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The Bruges Group spearheaded the intellectual battle to win a vote to leave the European Union and, above all, against the emergence of a centralised EU state.
The Bruges Group spearheaded the intellectual battle to win a vote to leave the European Union and, above all, against the emergence of a centralised EU state.

Bruges Group Blog

Spearheading the intellectual battle against the EU. And for new thinking in international affairs.

The NI Protocol Bill: Breakdown


The HMS Caroline, a de-commissioner light cruiser docked at Alexandra Dock, near Belfast Harbour

The Government's Northern Ireland Protocol Bill, introduced to the House by the Foreign Secretary, is a move to ameliorate the existing issues with the Northern Ireland Protocol, something the Bruges Group has spoken on in the past (see our Chairman, Barry Legg here). This comes amid previous widespread criticism from Unionists at the everyday practicality of the Northern Ireland Protocol and the need to change it.

Here is some of the context to these events:

  • Back in February, the Northern Ireland Agriculture Minister, Edwin Poots MLA, instructed his Department to cease Sanitary and Phytosanitary (SPS) checks on agri-food in Northern Ireland, and on the same day the First Minister Paul Givan resigned – both in response to the Northern Ireland Protocol.
  • Countless talks between Foreign Secretary Liz Truss and European Commission Vice-President Maroš Šefčovič had covered this topic and the ongoing issues being faced in Northern Ireland – in particular, the internal border within the UK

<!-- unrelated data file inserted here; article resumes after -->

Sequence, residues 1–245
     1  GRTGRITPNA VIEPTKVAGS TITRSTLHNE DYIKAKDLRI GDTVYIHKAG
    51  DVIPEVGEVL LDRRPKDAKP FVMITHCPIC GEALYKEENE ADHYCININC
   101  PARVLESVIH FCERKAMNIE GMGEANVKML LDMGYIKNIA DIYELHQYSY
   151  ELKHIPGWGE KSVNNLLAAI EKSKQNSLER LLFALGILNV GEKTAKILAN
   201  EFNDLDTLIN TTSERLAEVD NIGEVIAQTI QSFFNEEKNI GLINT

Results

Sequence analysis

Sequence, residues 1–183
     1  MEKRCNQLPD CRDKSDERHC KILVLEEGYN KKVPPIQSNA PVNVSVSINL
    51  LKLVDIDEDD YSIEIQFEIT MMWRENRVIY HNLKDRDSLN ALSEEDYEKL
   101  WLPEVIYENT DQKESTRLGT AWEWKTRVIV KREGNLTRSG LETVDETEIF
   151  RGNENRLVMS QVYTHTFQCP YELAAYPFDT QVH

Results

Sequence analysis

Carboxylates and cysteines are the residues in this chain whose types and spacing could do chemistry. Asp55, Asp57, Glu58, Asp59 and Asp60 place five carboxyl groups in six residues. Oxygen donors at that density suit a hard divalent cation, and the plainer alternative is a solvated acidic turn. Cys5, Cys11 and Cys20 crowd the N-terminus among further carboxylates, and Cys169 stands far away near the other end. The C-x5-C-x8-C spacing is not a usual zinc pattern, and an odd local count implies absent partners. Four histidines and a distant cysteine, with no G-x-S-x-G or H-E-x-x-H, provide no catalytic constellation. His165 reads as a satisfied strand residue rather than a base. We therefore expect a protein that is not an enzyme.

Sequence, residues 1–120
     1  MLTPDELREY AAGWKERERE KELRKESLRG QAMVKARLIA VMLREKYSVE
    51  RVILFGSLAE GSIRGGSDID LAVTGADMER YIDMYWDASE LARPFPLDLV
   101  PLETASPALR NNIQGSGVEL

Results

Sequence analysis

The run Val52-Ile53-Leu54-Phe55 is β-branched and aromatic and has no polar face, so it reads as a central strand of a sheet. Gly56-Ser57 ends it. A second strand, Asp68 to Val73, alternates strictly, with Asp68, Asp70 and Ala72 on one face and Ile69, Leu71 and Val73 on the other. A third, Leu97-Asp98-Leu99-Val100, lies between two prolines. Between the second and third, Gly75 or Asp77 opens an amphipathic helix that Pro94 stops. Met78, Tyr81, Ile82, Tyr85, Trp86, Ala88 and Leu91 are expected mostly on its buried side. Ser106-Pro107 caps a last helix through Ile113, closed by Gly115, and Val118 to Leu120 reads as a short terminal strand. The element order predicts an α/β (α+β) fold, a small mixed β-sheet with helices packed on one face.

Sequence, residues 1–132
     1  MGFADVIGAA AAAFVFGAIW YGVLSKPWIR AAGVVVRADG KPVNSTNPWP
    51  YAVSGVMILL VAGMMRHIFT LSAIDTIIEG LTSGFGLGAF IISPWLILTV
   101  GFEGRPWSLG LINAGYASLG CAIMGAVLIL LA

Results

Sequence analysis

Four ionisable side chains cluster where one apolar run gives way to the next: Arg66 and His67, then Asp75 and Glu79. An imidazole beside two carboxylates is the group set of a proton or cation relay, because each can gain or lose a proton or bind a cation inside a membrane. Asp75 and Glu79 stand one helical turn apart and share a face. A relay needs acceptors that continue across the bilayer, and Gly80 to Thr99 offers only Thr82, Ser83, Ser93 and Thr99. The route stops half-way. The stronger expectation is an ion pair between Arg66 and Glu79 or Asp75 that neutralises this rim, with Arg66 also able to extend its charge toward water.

• Former Brexit Minister Lord Frost CMG argued that the NI Protocol undermined the Good Friday Agreement (GFA), leaving it 'on life support'.

The Government's Bill seeks to resolve many of these issues with the protocols – but has faced criticism from the EU, which claims it is a breach of international law. The government's legal position is that:

  1. The Northern Ireland Protocol is not protecting the commitments made by the Good Friday Agreement – and the government's bill is in line with the GFA. Therefore, the legislation is needed to support the GFA's objectives.
  1. The Government's previous 2021 Command Paper already cited that there was "both diversion of trade and serious societal and economic difficulties.
  1. The Northern Ireland Protocol's Article 16 already permits the one of the parties to take action if the Protocol causes "serious economic, societal or environmental difficulties that are liable to persist, or to diversion of trade". This was to be limited – and reduce disruption as much as possible.

What does the Bill do?

The government's own press release says it focuses on four areas, including easing the flow of goods (checks/paperwork reduction), making space for EU/UK regulations to diverge in the future, removing the role of the European Court of Justice in enforcing the protocol, and strengthening the Union.

  • Irish sea ports: A 'green lane', which will create minimal checks and paperwork for goods travelling from Great Britain to Northern Ireland, and will stay in NI. A 'red channel' would be created for trucks taking goods to the Republic of Ireland, where they'd then face 'red channel' checks.
  • The ECJ's role in enforcing the protocol would also be ended: A court 'cannot refer any matter to the European Court', but Ministers may do so if it touches EU law. This would also remove the EU from making decisions over state aid and value added tax.
  • Eliminate taxation/duties differences: The Bill will also permit the Treasury to act to eliminate differences in rates of tax between Northern Ireland and the rest of the UK.